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Puukojola Heiau National Park
Puukohola Heiau National Historic Site
(Kohala District)

War Temple to Ku

Consecrated to the War God, Ku, and site of many human sacrifices. Some people come here to pray, maybe to the old Hawaiian gods. It is said that blood still seeps from the rocks, and there is a shark heiau under the blue waters of this peaceful-looking bay.

Kuemanu Heiau
Photo credit State Parks Division, DLNR
Kahaluu Bay (Kona District)

Surfer’s Temple

A chief who loved to surf saw a beautiful naked woman expertly riding the waves, her long hair flying in the wind. They married. Their children became the rulers of Maui and Hawaii. Today surfers still pray here for the perfect wave. Some surfers may find the presence of a sacrificial bone pit an ominous touch!

Kalalea Heiau
© William Crowe
South Point (Kau District)

A Doorway to the Other Side

Considered to be a power vortex, a rip in the fabric of time. There are many stories of UFO sightings here. A local resident covered a large area with macadamia nut shells to create a smooth landing strip. Build it, and they will come.

Kilauea Volcano
Kilauea Volcano
Hawaii Volcanoes National Park

A Home to the Goddess of Fire

The Goddess Pele the lady with the unpredictable, volcanic personality. She often appears either as an old woman or a young girl. There are many stories of sightings before volcanic eruptions. Island lore tells that the power of the goddess extends beyond the shores of Hawaii. The fire that resulted from the 1906 earthquake that destroyed much of San Francisco was said to have had the unmistakable brand of Pele. Pele is a goddess who is still actively worshipped today. Note the offerings on the rim of the crater when you visit Kilauea Volcano.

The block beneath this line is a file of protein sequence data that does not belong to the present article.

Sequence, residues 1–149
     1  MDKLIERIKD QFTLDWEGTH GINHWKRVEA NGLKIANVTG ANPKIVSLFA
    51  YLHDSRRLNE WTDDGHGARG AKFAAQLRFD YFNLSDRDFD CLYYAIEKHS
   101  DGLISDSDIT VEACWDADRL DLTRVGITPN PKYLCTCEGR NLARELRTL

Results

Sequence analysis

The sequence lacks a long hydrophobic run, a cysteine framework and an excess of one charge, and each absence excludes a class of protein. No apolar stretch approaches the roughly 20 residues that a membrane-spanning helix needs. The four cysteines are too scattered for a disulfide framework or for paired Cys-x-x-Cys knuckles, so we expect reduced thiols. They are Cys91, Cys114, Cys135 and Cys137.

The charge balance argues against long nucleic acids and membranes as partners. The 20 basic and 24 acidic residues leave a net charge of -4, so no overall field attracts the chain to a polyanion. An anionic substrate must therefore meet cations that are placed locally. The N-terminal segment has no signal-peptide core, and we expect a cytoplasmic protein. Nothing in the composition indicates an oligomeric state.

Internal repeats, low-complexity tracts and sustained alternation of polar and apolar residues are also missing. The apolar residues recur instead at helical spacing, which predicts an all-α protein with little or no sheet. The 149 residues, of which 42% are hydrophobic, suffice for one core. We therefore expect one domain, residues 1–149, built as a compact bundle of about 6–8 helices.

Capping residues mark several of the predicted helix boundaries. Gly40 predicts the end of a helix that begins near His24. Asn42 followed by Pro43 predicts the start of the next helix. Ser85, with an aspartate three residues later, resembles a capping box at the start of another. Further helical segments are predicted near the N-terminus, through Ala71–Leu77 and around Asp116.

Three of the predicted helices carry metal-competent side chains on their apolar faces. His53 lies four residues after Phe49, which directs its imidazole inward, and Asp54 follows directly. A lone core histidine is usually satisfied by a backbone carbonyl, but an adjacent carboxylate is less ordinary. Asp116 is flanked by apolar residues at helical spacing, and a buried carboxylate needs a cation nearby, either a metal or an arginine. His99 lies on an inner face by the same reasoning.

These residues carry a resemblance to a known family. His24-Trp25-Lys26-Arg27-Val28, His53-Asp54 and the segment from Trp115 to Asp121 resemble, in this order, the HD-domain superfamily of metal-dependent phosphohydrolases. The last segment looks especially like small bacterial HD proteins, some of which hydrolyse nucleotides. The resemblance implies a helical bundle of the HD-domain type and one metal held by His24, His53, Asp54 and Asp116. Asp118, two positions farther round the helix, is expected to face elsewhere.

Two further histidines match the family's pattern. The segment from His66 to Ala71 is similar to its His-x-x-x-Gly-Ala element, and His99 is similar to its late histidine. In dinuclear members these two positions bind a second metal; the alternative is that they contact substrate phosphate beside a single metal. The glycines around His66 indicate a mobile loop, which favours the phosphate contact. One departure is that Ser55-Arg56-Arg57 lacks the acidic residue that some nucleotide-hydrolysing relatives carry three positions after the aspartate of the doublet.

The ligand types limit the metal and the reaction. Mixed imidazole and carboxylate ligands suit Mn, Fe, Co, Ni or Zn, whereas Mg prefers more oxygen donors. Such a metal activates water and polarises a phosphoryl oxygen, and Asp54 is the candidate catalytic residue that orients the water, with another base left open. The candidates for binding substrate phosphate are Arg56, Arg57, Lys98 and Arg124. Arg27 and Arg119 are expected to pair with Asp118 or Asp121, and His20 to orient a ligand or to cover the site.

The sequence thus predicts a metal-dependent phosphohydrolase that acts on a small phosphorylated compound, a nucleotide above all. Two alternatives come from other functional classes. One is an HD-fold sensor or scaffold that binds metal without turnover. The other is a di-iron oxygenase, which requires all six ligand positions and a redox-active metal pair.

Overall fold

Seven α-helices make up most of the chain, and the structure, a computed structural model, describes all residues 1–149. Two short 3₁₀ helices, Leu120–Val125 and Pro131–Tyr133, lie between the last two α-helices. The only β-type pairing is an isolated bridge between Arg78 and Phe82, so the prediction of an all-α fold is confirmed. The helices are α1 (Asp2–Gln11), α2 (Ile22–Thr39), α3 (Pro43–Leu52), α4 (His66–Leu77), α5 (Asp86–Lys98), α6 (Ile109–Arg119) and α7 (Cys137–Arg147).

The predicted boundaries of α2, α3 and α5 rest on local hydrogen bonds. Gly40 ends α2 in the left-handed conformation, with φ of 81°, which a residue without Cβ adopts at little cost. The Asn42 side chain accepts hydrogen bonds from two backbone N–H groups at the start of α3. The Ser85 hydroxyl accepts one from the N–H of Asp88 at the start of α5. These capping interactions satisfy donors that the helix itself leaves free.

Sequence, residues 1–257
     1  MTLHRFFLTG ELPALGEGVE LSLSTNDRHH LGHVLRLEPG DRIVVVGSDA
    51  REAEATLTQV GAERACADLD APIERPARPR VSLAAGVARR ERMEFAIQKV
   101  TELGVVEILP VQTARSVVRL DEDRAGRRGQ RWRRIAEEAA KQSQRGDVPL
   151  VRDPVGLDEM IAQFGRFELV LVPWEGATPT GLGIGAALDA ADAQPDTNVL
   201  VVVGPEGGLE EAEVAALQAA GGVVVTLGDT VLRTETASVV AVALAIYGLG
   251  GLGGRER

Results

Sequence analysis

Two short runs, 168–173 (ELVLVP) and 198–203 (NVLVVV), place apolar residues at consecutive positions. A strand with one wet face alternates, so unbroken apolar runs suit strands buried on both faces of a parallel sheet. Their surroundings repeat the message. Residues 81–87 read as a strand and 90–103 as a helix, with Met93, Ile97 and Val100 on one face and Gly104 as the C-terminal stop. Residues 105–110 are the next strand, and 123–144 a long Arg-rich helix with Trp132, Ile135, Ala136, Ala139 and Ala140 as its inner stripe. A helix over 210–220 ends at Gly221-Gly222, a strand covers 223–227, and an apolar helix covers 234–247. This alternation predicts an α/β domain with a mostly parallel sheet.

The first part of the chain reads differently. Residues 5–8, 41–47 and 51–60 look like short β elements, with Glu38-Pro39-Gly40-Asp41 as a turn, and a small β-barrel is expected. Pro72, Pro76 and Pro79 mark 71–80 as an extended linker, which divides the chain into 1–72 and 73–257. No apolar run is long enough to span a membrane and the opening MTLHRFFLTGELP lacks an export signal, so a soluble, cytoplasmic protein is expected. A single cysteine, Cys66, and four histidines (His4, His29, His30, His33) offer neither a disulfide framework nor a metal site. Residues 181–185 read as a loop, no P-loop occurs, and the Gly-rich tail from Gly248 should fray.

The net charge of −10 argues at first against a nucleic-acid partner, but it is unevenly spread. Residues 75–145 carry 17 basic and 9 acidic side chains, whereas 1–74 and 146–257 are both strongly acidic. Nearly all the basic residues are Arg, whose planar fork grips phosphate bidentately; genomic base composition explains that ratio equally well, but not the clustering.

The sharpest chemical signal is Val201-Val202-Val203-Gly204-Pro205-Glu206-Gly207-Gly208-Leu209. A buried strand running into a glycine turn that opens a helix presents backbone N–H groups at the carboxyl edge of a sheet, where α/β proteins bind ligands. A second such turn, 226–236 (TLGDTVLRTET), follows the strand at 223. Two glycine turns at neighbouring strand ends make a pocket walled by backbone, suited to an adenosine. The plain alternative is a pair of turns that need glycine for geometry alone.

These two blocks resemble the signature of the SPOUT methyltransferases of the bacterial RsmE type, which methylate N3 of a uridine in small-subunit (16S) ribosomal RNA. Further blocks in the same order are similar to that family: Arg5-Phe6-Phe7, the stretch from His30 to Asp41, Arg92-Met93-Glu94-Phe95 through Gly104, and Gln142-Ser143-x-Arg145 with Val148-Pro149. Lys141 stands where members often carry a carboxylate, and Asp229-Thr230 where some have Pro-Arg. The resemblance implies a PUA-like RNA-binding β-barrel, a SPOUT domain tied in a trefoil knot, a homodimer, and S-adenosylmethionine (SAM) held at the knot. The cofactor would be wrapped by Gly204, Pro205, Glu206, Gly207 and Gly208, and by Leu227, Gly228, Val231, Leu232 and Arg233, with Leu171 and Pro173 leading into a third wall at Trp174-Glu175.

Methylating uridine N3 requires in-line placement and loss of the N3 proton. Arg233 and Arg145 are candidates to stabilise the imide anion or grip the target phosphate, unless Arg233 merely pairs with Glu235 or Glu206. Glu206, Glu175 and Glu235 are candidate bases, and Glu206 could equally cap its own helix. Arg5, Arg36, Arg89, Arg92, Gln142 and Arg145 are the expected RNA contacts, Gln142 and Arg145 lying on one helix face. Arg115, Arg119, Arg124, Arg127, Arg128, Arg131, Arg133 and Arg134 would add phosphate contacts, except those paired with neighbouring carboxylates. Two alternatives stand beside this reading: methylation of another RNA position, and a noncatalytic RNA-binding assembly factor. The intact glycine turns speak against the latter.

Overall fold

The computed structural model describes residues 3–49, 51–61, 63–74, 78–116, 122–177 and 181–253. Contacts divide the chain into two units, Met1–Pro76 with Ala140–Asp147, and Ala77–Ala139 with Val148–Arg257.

Naha Stone
© William Crowe
Hilo Town (Hilo District)

The Excalibur Story of Hawaii

Many years before the birth of Kamehameha the Great, a powerful kahuna (priest) prophesied that the man who moved the 7,000 pound Naha Stone would be the greatest king of Hawaii. Kamehameha, a boy of about fourteen years, moved this massive rock, then he lifted it and turned it over. As the prophet had foretold, Kamehameha I became Hawaii’s greatest king.

Source: Unless otherwise noted, photographs and text are excerpted from Exploring Lost Hawaii: Places of Power, History, Mystery & Magic with the permission of the authors, Ellie and William Crowe and with credit to Island Heritage, publisher of the book. To order this unique, informative, and critically acclaimed guidebook, visit Exploring Lost Hawaii.

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